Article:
"We cannot properly support recovery with a system that allows hundreds of billions euros in potential tax revenues to be lost because of evasion and fraud," she said at a press event.

But some tax justice advocates and observers remain skeptical about the scope of the proposal and its chances of being approved by all member states, a key requirement.

"The big question for us is whether the European Commission is ready to take bold and ambitious action to stop large-scale corporate tax avoidance," said Tove Maria Ryding, tax policy and advocacy manager at the European Network on Debt and Development, a group of more than 50 civil society organizations.

Known as "Business in Europe: Framework for Income Taxation," or BEFIT, the proposal will be finalized by 2023. It also includes a plan to increase authorities' oversight of shell companies to stop tax avoidance and evasion.

Each year, Europe loses between $40 billion and $85 billion in corporate tax avoidance, according to estimates cited by the commission. And some of the jurisdictions that aggressively attract multinationals with sweetheart deals and very low tax rates are in the heart of Europe.

"The commission is in a tight spot due to the fact that EU decisions on tax require unanimity, and several of the EU member states, such as Luxembourg and Ireland, continue to behave as tax havens," Ryding said.

In the 2017 Paradise Papers investigation, the International Consortium of Investigative Journalists reported how Apple was able to channel up to two-thirds of its global profits into subsidiary companies, registered in Ireland, that paid almost no tax.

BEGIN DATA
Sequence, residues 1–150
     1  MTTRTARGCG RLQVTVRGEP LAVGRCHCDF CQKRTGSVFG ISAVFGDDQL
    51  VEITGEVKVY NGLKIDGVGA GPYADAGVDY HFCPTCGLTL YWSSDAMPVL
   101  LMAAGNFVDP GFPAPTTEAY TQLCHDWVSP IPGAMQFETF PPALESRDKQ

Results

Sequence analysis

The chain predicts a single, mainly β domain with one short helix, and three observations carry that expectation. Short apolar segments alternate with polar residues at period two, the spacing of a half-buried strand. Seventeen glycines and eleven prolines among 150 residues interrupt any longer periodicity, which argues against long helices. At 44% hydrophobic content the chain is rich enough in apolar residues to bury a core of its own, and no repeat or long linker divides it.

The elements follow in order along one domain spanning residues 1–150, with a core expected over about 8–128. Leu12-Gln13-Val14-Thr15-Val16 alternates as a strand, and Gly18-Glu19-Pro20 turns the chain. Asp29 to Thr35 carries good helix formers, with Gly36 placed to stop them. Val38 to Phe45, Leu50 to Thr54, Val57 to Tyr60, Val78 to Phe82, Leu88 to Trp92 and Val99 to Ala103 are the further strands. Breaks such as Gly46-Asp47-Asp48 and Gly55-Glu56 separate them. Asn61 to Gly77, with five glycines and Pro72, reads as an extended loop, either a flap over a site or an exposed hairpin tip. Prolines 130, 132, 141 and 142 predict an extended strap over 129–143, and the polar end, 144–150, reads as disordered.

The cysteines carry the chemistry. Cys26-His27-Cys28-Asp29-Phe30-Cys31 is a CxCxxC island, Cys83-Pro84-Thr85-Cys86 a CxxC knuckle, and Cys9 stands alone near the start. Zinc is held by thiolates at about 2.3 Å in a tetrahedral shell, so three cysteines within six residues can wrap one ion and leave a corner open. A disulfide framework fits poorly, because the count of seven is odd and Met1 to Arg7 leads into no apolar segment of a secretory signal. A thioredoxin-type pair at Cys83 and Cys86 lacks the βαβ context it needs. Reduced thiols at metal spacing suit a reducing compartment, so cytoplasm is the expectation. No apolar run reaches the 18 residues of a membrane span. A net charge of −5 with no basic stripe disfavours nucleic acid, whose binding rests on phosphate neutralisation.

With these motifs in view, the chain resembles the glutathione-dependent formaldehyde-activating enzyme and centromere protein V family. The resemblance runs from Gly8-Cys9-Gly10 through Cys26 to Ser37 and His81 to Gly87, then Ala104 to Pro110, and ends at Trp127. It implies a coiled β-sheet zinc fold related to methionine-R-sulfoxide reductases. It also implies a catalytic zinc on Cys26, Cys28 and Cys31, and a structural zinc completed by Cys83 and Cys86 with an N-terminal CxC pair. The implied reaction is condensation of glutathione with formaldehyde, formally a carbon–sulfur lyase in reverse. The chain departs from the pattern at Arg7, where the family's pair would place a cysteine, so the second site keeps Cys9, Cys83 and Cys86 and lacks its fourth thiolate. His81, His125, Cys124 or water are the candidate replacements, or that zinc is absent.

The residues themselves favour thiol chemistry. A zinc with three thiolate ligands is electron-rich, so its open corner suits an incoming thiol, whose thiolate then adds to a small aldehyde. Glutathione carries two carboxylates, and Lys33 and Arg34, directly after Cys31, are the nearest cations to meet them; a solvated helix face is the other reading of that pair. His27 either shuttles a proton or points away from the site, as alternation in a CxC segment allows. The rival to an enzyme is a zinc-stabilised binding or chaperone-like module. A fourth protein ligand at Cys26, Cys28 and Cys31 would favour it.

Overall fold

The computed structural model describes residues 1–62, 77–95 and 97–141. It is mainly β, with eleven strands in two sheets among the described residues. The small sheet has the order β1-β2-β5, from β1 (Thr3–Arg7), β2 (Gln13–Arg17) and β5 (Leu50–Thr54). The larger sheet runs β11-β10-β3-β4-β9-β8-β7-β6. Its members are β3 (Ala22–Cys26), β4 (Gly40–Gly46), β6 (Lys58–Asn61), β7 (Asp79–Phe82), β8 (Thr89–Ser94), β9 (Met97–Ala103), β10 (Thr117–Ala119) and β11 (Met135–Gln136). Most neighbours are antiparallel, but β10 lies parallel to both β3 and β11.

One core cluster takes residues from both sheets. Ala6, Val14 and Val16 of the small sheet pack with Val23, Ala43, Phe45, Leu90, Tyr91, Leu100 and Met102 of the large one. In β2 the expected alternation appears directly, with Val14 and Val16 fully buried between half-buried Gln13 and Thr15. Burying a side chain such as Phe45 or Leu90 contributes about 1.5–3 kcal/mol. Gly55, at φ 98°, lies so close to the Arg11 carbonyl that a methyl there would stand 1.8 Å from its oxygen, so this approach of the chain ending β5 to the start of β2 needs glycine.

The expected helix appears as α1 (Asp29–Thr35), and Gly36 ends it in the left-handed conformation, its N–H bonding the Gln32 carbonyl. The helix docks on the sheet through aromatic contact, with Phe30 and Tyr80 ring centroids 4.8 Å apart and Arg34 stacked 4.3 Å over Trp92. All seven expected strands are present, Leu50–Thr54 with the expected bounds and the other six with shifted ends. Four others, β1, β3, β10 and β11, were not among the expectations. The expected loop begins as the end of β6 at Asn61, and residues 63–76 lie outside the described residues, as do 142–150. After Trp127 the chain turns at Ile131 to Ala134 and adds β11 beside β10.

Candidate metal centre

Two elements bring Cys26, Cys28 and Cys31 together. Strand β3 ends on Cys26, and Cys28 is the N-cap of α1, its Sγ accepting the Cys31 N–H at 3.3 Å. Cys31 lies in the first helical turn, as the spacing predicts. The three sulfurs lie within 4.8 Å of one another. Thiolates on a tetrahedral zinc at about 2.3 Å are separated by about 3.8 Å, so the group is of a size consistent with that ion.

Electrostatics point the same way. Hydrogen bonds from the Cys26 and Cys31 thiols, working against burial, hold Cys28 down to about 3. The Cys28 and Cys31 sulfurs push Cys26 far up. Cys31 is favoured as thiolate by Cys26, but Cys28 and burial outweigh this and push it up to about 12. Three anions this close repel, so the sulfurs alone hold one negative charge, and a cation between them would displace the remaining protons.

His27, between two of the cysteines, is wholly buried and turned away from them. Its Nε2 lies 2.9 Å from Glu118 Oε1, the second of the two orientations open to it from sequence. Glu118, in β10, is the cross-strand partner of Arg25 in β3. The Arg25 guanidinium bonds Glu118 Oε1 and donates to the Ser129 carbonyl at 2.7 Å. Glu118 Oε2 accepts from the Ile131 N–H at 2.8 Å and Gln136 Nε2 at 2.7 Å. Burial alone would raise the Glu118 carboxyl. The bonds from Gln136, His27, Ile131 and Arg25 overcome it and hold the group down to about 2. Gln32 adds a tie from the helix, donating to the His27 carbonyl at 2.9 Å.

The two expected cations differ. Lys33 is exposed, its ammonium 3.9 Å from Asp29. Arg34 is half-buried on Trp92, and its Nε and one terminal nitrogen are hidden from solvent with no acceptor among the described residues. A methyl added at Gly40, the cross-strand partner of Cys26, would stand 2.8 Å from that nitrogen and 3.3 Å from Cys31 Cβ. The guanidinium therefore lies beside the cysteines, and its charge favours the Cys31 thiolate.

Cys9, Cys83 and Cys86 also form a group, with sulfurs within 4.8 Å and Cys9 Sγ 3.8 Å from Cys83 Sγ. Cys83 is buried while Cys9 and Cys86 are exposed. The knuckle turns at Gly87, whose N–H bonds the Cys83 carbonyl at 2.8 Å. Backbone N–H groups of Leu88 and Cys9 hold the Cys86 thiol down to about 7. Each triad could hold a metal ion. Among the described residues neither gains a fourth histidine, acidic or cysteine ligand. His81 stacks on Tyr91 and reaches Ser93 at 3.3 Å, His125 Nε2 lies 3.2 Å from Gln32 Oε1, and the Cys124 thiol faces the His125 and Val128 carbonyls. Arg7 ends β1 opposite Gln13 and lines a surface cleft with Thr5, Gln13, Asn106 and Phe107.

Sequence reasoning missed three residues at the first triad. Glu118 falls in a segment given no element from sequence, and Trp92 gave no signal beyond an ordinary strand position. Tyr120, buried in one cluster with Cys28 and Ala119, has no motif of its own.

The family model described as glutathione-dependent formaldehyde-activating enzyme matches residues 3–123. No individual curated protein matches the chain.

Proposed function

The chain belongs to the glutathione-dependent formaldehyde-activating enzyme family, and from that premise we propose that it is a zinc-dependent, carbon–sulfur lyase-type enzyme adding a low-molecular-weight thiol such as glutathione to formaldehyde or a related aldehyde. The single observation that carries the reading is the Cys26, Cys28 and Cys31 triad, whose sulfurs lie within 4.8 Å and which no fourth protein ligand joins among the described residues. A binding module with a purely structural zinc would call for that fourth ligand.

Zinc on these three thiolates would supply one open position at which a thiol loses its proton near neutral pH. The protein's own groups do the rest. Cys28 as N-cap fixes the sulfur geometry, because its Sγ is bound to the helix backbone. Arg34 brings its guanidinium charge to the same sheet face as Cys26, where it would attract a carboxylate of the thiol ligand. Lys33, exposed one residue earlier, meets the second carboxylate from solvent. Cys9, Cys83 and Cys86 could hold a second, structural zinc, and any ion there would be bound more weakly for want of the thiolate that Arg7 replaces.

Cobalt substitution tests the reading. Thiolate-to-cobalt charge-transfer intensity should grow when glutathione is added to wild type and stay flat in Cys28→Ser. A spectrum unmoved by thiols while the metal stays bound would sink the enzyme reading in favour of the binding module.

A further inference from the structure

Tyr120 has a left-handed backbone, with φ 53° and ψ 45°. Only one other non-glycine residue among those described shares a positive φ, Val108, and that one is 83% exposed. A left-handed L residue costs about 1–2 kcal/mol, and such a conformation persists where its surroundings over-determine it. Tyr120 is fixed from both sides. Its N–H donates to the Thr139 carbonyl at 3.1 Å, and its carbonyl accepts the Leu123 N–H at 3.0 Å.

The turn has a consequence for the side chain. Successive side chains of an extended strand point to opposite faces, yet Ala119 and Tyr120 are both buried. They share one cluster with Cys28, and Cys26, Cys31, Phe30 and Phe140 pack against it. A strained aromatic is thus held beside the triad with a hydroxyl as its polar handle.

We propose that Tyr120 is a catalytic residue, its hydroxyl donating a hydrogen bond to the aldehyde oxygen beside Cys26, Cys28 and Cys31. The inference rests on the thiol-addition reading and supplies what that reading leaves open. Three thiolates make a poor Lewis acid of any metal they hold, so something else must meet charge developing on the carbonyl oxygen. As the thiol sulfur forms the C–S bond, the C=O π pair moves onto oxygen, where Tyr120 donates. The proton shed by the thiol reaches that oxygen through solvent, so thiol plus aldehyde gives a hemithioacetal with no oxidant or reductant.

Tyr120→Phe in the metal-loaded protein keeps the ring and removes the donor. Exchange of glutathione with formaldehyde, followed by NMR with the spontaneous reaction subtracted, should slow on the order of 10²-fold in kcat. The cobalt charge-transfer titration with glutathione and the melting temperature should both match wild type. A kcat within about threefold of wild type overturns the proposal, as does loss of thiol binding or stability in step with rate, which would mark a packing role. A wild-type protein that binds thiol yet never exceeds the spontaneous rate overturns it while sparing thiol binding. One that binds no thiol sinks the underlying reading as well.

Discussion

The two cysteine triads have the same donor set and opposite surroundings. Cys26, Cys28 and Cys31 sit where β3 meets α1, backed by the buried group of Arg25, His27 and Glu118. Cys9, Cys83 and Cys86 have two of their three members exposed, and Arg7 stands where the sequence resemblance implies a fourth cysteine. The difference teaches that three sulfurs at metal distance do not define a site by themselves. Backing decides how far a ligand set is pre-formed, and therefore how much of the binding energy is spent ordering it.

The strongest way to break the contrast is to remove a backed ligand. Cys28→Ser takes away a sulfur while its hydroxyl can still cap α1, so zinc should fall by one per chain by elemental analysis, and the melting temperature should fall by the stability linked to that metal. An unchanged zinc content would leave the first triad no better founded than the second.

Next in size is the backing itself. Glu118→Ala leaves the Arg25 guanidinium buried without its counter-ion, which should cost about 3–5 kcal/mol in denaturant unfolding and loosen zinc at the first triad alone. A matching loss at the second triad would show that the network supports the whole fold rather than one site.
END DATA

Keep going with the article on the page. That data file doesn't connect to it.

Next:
Most recently, the news organization Investigate Europe found that, despite reporting high profits during the COVID-19 pandemic, Amazon's 2020 balance sheet for its Luxembourg-based umbrella company, which covers its European business, showed a loss of more than $1 billion. This allowed the company to obtain tax benefits, the report said.

The 2014 ICIJ investigation Lux Leaks highlighted some of the strategies many corporations use to drastically cut their tax bills.

The commission's move follows an initiative by the Organization for Economic Co-operation and Development that, if approved, will set a minimum rate for multinational companies around the world.

Earlier this year, the U.S. proposed setting a global 21% minimum tax rate for corporations. The finance ministers of France, Germany and other EU countries said they back the plan. The U.K. doesn't, according to the Guardian.

The commission's proposed reform wouldn't touch individual countries' corporate tax rates. Companies' profits and losses from their European activity would be added up and the net profit would then be distributed to individual countries.